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December 31, 2017

Ours is a generation of sleep-deprived over-caffeinated whiners. Our inability to find contentment (and other traits synonymous to being restless and entitled) has come to define this millennial generation.

My biggest takeaway this 2017? Learning to live a life of gratitude.

Be grateful to those who chose and continue to choose to be behind your back. Surround yourself with people who push you to your limits and at the same time those that keep you grounded. Be thankful for the gift of life.

Here’s to a meaningful 2018!

Also, someone once told me that the best stories are not found in novels but between the pages of a passport. Here is my #best12, one from each country I visited this year!



Faces and Phases of Chengdu

October 30, 2017

Chengdu’s gloomy skies and chilly temperate climate will welcome you once you’ve stepped out of the airport. The eastern edges of the Himalayas and Tibetan plateau give this Sichuanese capital its daily sweater weather.

The city hosts the highest concentration of giant white pandas in the world. A visit to the main breeding center of China’s cuddly national icon will surely warm your frozen fingers and toes (and probably even your ex’s cold heart).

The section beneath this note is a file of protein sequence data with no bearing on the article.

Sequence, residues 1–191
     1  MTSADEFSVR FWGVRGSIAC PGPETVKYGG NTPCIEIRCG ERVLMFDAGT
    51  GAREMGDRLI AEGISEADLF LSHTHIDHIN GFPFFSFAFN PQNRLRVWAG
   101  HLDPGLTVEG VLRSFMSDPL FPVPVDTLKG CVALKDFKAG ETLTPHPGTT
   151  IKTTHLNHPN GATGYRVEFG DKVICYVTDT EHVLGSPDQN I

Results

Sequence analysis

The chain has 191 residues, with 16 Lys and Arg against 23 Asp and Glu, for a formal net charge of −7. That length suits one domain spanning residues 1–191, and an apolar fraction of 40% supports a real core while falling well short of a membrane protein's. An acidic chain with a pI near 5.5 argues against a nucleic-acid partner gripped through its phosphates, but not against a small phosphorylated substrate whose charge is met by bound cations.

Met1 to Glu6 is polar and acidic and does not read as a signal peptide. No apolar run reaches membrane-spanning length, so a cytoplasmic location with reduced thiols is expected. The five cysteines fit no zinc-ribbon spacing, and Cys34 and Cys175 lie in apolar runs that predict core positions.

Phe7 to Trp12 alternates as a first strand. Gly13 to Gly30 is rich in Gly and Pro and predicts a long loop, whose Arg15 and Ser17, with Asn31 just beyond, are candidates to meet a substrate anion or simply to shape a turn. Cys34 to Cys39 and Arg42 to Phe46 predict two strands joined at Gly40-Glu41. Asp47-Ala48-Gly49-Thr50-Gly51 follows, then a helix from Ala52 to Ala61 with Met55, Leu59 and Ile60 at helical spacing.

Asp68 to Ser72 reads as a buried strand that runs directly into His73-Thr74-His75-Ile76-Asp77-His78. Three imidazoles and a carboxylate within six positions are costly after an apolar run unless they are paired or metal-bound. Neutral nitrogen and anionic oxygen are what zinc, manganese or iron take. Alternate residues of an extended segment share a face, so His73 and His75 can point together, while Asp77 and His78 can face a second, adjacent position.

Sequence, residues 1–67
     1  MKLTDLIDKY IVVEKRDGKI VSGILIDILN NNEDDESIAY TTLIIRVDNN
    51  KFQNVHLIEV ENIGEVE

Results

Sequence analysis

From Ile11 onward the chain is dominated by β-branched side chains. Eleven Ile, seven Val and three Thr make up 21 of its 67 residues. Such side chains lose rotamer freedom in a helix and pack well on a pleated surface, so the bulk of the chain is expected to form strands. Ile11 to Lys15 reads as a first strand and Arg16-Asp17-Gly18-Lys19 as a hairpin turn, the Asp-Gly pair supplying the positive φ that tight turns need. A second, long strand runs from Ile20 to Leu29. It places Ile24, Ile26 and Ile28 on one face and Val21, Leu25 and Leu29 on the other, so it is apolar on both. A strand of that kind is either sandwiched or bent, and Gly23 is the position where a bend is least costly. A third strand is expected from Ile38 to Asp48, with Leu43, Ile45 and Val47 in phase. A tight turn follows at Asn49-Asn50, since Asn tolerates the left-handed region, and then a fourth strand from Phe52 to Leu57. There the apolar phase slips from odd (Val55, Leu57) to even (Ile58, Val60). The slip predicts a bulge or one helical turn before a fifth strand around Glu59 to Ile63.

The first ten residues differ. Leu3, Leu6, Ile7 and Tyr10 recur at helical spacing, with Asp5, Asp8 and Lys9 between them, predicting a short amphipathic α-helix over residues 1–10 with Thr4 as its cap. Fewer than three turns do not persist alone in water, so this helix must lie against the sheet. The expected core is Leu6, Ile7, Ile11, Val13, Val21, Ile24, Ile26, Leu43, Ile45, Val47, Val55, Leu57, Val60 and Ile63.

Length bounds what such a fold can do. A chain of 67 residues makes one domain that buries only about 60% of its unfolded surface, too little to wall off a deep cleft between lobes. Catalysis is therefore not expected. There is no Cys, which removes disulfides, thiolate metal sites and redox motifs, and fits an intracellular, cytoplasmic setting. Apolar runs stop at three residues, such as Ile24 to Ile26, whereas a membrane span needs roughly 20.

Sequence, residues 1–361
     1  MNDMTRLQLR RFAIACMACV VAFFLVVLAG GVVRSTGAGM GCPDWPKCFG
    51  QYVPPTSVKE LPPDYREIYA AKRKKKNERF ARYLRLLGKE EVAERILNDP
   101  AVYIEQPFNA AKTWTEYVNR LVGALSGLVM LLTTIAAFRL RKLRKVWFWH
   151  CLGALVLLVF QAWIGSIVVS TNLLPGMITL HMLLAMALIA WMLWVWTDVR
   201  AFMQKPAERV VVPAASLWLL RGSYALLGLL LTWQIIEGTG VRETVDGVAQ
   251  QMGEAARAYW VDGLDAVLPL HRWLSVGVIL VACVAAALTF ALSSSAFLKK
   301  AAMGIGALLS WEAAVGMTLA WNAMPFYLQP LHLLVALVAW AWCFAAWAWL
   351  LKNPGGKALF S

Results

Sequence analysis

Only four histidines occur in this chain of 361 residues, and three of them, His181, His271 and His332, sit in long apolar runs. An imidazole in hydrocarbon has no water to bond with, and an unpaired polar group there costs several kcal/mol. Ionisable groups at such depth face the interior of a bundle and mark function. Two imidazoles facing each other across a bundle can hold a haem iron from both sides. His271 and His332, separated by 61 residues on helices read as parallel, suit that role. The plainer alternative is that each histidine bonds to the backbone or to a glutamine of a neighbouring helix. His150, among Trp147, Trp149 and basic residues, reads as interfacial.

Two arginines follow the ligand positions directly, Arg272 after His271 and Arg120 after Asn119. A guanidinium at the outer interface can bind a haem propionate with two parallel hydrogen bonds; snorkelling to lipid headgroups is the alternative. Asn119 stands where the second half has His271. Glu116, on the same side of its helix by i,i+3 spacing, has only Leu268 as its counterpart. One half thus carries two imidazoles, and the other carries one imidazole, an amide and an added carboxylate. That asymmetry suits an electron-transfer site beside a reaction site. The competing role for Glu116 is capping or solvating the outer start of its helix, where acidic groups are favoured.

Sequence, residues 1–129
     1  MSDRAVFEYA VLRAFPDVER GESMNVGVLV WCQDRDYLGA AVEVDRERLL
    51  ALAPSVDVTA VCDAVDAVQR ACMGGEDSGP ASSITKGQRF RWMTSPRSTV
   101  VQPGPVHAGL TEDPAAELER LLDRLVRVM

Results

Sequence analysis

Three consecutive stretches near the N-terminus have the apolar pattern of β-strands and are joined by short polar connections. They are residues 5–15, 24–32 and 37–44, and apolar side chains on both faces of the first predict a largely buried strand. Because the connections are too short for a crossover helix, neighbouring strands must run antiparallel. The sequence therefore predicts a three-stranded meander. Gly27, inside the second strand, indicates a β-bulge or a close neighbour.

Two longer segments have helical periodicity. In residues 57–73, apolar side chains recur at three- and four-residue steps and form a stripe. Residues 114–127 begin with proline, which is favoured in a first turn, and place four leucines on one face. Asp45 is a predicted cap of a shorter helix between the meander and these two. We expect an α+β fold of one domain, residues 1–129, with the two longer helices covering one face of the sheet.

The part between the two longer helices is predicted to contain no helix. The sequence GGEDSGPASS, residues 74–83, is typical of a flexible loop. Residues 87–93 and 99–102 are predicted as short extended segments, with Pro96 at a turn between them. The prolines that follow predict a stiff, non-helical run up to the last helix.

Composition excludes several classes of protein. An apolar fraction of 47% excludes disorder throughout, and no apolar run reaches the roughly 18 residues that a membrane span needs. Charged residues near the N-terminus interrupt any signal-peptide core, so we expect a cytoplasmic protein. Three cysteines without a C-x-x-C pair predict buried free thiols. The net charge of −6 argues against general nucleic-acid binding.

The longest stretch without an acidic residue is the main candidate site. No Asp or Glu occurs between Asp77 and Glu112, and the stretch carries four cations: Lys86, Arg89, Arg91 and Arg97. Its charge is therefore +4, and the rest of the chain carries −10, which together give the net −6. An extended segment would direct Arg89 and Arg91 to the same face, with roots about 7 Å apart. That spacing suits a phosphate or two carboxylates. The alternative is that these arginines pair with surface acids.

If that’s not enough, try the fiery Chengdu hotpot, where you dip mushrooms and pork or chicken innards in boiling chili- and Sichuan pepper-infused broth.

Also not to be missed is Chengdu’s pride, the mesmerizing Sichuan opera. It’s Cirque de Soleil, traditional dance, and martial arts performances on steroids.

The city also serves as the gateway to Tibet. So it’s not surprising to see Tibetan pilgrims and traders roaming around.

A few hours south of the city is the Le Shan Giant Buddha. Chiseled right off the cliff overlooking three large rivers, this magnificent man-made wonder is considered as the world’s largest ancient Buddha structure.

Le Shan Giant Buddha

Giant pandas

Wenshu Monastery

Sichuan opera prep

Chengdu delicacies: Spicy rabbit or duck head